Adv. Gill Nadel, Ohad Krief
In the following article we will review the Tel Aviv Magistrate Court's ruling on the customs classification of a "turkey flavored paste".
The court determined that the importer proved his claim regarding the essence of the goods and accepted the importer's classification. The court criticized the Customs Authority for its conduct in the case, as it failed to preserve samples of the product and submitted opinion reports based on theories and assumptions rather than facts.
Case Facts and Detailed Arguments:
Ersaban Import Ltd. imported two crates with boxes of turkey flavored paste with a variety of seasonings.
Upon their release, the goods were classified under Customs Heading 21.06-9099, labeled as "Various Edible Products - Unspecified Products". Since the goods were imported from EU countries, they were exempt from duty.
The Customs Authority was of the opinion that the proper classification of the goods should be under Customs Heading 16.02-3190, labeled as "Meat, Meat Scraps or Blood", which is liable to customs duty even if imported from EU countries.
The Court's Ruling:
The court determined that the difference between the classifications offered by the differing sides is based on the question of the amount of meat the product contains. This is due to clause 2 of Customs Heading 16 of the Customs Tariff Order, which states that food products will be classified under Customs Heading 16 "as long as they contain over 20%, by weight, of sausage, meat, meat scraps, blood, fish or crabs, shellfish, or other aquatic invertebrates, or any combination thereof".
Both sides presented expert opinion reports analyzing the product in order to determine whether its meat content is higher or lower than 20%.
The expert on behalf of the Customs Authority noted that since the product undergoes a cooking process which completely dissolves the cell structure, it is impossible to determine the meat content's percentage in the paste through direct chemical testing.
Conversely, a British expert who testified on behalf of the importer presented a scientific methodology for testing. He suggested determining the protein content of a sample, from which protein attributed to non-meat components will be subtracted, with the remainder being attributed to meat.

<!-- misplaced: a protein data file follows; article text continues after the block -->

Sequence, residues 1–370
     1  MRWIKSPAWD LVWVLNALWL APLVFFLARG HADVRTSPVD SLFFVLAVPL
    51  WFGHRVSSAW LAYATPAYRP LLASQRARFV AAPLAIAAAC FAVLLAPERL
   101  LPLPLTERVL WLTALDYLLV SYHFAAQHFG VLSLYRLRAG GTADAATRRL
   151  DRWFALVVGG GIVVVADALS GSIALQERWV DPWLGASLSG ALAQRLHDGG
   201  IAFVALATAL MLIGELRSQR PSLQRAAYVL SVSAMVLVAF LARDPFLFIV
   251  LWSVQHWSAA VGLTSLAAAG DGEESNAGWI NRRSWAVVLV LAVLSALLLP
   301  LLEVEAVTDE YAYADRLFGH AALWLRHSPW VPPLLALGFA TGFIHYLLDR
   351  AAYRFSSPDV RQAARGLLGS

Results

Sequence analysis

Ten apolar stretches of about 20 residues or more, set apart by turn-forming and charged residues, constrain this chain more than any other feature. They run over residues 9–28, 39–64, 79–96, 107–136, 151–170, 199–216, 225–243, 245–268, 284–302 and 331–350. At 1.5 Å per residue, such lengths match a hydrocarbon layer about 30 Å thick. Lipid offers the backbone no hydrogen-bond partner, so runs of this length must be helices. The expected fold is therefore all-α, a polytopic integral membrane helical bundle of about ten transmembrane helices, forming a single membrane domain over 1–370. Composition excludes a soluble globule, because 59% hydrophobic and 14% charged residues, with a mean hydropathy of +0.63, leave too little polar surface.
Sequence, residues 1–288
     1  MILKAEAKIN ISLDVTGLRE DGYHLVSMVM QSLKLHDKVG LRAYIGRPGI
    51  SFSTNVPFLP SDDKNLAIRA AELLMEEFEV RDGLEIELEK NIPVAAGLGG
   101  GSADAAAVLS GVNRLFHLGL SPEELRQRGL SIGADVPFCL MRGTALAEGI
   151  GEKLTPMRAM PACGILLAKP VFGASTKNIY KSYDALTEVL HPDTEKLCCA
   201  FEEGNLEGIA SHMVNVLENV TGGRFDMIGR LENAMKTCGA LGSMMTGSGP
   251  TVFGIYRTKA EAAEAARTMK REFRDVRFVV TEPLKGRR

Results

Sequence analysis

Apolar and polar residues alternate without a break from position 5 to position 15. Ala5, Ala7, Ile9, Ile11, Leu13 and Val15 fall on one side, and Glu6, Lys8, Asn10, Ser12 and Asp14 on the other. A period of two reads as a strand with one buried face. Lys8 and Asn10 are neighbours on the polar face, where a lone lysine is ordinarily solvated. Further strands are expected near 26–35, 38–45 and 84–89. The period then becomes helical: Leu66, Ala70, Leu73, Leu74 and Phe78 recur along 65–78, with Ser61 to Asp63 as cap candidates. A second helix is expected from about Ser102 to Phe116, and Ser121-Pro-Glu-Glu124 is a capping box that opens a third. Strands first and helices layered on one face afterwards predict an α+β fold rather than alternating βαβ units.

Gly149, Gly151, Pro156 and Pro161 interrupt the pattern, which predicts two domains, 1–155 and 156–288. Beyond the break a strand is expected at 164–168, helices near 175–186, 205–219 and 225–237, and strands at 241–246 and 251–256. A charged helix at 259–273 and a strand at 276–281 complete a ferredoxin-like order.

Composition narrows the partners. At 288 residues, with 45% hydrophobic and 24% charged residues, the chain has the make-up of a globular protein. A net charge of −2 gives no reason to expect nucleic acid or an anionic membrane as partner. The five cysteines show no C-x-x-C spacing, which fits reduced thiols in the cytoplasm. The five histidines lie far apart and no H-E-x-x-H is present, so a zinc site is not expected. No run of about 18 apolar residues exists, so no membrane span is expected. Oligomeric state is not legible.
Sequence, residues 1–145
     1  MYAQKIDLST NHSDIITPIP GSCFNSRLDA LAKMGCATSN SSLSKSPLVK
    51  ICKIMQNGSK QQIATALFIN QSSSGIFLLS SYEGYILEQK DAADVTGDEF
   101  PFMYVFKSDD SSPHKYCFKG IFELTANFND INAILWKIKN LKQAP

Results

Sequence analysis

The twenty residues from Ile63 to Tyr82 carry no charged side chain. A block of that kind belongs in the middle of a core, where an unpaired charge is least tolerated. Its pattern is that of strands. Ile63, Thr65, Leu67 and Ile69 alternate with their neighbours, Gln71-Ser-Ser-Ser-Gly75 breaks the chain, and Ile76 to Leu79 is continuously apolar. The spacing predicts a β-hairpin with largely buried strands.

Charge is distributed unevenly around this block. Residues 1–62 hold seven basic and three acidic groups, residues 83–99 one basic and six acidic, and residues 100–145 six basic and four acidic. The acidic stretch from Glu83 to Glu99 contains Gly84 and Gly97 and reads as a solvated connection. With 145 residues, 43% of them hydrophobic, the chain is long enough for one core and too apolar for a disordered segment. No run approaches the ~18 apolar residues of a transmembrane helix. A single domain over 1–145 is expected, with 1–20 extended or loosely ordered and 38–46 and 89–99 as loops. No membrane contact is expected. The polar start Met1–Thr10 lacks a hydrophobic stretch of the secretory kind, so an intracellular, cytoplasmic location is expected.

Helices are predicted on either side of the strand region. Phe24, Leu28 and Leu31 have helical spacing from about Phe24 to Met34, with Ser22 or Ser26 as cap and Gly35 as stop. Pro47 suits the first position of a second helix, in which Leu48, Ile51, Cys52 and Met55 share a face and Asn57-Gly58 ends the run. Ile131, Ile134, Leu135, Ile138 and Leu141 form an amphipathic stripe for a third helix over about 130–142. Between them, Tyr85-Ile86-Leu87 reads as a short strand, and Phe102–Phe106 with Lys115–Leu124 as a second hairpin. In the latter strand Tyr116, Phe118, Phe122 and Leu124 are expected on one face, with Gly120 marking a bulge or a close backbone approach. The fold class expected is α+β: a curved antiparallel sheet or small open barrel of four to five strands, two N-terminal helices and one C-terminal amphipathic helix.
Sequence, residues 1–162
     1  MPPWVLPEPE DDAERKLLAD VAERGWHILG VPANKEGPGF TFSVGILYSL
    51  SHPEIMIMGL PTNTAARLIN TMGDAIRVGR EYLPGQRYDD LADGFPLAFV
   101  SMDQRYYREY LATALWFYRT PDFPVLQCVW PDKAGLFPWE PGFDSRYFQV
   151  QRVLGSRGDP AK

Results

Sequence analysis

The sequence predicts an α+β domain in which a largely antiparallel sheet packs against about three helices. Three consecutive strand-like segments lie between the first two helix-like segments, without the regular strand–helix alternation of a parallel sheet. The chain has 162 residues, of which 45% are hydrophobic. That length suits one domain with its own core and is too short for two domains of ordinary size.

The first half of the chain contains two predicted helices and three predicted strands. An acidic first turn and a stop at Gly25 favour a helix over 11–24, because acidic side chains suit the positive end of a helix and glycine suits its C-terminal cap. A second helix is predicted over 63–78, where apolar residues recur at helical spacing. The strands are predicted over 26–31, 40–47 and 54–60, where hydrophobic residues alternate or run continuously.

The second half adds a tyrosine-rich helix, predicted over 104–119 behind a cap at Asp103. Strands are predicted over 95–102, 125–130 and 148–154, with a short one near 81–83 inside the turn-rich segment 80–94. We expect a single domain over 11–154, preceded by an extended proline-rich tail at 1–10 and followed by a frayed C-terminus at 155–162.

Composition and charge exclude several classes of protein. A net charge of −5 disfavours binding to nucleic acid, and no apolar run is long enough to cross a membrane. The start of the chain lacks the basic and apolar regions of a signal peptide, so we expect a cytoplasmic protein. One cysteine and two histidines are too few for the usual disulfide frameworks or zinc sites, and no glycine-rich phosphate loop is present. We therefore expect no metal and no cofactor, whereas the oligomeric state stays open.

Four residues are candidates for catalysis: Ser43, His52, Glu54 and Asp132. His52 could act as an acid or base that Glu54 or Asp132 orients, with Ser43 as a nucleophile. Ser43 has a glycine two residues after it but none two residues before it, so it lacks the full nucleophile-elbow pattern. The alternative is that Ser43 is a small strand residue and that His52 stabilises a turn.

The court criticized the Customs Authority's conduct once it became clear their sample of the product was thrown away, due to spoiling and 'stinking'.
The court rejected the claims of the Customs Authority's expert regarding the calculation method of the meat percentage, since he failed to present scientific research to support his claim. The expert presented printouts from popular internet sites, which are used to calculate calorie consumption.
The court's impression was that the Custom Authority's classification was not based on a thorough, detailed examination, founded on a scientific methodology, but on a simplistic, indefinite calculation.
The court concluded that it was presented with a scientific opinion, based on the experience of the British expert provided by the importer. On the other hand, the Customs Authority presented speculations, assumptions and unproven evaluations, based on internet sites and untested mathematical calculations.
In light of the above, the court accepted the results of the British expert's examination, determining that the meat content in the product is between 16% to 18%, and therefore should be classified under Customs Heading 21.06-9099/6, as claimed by the importer.
The court charged the Customs Authority 50,000 ILS for part of the importer's legal expenses, as well as 29,250 ILS for his attorney's fee.
[TA (Tel Aviv Magistrate Court) 58062-11-12 Ersaban Import Ltd. V. The State of Israel, presiding judge: Amit Yariv, on 7.10.15.
The above review is a summary. The information presented is for informative purposes only, and does not constitute legal advice.
For more information, please contact Adv. Gill Nadel, Chair of the Import, Export and Trade Law Practice
Email: Gill.Nadel@goldfarb.comPhone: 03-6089979.